Concern Over Invisible Air Pollutants

Photo by Stephen Rees/Flickr (Creative Commons license BY-NC-ND 2.0)

By Frances Bernards, Utah Recycling Alliance

It’s that time of year when Salt Lake City residents are confronted with episodes of poor air quality.  When temperature inversions hover over Salt Lake City, trapping automotive and other emissions, residents are stuck with a brown, thick haze that cause particulate pollution to double some days.

But some air pollutants aren’t visible.

Some air pollution comes from the food and yard waste that we send to landfills.  The waste decomposes and generates greenhouse gases, in particular methane and carbon dioxide.  Unlike the particulate pollution that contributes to the winter haze, these gases are not visible to the human eye.   

Methane is produced due to the anaerobic decomposition – lack of oxygen – that takes place in a landfill.  Some of the larger, newer municipal solid waste landfills are required to capture and dispose of the gases by either burning the gas or by converting the gas into energy.  

Not all of the landfill gases are captured, though.

The US EPA Landfill Methane Outreach Program estimates that 60%-90% of the methane emitted from landfills can be captured.  Sound good?  Not necessarily.  Methane can hold 28 to 36 times more heat in the atmosphere than carbon dioxide, according to the 2014 Intergovernmental Panel on Climate Change assessment report.  So you need to collect about 95% of the landfill gas to get ahead.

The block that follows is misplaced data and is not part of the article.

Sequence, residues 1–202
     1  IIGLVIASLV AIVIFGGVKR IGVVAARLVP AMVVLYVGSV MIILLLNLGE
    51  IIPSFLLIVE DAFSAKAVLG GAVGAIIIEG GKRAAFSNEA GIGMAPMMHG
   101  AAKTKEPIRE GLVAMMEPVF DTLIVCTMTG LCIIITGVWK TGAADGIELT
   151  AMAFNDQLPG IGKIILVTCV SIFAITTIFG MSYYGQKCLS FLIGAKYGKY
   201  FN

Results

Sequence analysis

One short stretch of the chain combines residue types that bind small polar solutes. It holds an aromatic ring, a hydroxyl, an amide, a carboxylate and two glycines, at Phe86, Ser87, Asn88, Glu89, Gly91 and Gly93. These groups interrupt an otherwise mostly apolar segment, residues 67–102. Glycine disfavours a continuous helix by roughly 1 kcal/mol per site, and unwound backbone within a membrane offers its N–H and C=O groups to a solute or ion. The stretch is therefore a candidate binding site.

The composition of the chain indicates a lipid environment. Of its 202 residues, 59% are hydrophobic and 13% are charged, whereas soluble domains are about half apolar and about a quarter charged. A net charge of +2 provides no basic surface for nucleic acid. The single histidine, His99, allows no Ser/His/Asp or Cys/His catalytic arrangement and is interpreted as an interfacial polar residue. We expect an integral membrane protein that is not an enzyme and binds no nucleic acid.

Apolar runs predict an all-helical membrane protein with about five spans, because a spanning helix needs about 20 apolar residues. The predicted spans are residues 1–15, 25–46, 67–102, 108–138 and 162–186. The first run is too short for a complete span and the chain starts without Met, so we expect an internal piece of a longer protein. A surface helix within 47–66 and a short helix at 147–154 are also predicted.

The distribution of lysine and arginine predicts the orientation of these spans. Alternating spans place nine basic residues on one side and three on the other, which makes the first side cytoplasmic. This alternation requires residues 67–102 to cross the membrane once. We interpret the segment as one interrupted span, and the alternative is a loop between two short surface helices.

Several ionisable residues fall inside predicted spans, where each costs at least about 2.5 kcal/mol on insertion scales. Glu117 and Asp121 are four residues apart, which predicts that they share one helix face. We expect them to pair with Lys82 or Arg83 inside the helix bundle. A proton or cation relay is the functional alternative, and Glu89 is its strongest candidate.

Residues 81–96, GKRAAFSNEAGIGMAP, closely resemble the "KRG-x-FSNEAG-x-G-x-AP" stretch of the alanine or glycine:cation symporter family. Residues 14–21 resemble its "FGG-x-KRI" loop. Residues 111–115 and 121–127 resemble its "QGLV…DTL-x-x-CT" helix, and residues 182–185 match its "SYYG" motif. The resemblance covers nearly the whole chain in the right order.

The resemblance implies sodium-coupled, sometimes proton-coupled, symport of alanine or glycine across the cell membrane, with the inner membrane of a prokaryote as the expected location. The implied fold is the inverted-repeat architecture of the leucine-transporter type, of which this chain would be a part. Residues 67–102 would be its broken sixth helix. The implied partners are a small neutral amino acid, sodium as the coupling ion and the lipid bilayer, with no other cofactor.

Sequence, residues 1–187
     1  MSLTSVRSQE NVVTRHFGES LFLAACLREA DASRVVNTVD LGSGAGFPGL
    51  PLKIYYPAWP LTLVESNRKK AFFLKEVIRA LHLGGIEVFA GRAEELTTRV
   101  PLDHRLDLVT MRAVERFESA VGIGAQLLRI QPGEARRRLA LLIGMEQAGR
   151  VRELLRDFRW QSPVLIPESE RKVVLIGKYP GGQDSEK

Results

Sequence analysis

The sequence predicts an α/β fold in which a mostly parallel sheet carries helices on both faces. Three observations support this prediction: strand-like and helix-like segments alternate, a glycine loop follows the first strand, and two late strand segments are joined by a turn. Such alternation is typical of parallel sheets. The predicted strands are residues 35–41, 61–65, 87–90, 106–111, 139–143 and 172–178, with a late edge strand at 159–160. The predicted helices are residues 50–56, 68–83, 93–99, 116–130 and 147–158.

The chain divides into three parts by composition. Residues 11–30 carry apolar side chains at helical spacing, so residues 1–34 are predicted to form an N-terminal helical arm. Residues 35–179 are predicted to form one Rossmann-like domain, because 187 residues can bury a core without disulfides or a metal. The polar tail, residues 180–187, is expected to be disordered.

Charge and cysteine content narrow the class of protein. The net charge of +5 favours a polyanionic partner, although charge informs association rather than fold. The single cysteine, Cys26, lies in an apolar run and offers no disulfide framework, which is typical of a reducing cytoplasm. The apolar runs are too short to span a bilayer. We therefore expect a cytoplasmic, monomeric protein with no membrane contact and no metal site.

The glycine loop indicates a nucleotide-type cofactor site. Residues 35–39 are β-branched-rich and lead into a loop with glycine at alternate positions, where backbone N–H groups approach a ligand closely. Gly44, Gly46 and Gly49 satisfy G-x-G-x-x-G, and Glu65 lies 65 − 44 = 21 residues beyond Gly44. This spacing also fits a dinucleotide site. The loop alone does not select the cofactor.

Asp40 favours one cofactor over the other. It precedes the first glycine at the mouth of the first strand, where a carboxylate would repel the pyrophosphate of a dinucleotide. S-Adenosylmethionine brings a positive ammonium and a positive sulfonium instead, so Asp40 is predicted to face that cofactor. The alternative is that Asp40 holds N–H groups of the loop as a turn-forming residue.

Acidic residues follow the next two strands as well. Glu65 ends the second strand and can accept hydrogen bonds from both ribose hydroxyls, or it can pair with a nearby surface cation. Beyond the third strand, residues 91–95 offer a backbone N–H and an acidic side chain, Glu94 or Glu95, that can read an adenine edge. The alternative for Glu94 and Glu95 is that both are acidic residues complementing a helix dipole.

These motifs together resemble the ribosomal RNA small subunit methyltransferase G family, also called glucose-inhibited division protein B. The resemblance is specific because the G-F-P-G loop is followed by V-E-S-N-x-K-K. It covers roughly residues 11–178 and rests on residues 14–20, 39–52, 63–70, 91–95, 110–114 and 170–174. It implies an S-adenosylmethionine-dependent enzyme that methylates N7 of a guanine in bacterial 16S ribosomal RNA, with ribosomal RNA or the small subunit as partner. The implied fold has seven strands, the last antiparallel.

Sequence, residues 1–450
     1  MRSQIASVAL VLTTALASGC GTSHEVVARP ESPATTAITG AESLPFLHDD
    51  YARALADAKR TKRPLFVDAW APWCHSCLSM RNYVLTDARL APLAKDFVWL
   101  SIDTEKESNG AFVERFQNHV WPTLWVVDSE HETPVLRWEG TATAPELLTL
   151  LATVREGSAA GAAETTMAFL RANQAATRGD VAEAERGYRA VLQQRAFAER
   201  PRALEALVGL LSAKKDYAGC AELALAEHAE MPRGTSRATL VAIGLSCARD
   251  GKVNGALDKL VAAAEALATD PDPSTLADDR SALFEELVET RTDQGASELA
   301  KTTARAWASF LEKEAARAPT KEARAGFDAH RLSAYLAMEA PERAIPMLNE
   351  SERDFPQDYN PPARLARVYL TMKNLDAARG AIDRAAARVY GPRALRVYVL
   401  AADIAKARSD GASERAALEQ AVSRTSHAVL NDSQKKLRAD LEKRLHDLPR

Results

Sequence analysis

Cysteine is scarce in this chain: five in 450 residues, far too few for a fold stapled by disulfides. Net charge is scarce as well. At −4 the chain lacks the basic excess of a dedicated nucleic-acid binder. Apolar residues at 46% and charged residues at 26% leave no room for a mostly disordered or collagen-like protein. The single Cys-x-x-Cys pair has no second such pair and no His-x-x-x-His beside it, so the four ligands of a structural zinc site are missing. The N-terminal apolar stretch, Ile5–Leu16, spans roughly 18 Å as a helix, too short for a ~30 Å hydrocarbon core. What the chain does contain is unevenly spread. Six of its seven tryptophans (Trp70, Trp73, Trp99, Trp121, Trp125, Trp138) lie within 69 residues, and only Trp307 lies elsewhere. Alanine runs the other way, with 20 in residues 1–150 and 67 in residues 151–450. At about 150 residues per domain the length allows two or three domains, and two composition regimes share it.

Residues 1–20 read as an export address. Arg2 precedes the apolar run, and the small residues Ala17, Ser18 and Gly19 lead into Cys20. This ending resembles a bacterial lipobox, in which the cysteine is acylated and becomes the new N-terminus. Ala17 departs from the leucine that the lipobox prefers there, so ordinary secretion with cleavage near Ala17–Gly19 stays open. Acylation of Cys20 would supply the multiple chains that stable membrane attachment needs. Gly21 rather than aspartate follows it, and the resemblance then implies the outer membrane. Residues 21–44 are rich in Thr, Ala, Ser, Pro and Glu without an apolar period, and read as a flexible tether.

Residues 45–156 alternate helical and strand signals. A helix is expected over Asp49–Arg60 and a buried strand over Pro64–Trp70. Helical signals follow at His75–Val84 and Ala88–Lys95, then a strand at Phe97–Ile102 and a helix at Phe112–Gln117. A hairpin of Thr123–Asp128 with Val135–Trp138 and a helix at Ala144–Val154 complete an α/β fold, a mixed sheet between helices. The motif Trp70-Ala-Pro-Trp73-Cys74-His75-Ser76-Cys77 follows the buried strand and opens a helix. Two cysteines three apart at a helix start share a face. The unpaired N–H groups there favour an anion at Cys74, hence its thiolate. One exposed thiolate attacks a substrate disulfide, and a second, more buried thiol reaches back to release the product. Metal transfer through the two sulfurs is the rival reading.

Is there a better alternative to landfilling food and yard waste?

A new University of Washington (UW) study shows that composting is a better choice.

“Putting your food waste in the compost bin can really help reduce methane emissions from landfills, so it’s an easy thing to do that can have a big impact,” said paper author Sally Brown, a UW research associate professor of environmental and forest sciences.

The paper’s author recommends composting food scraps and woody yard materials together since the dryer, high-carbon, yard trimmings mixed with wet food scraps create ideal conditions for the compost process.

Remember that methane is produced when anaerobic decomposition – lack of oxygen –takes place.  Utah State Extension’s website provides tips on how to ensure that your compost pile is aerated properly.

Look for other small challenges you can take on.

In this example, with a little bit of effort, you can help reduce methane emissions, keep resources from filling up our Nation’s landfills and create soil amendments to use in your garden or plants in your yard.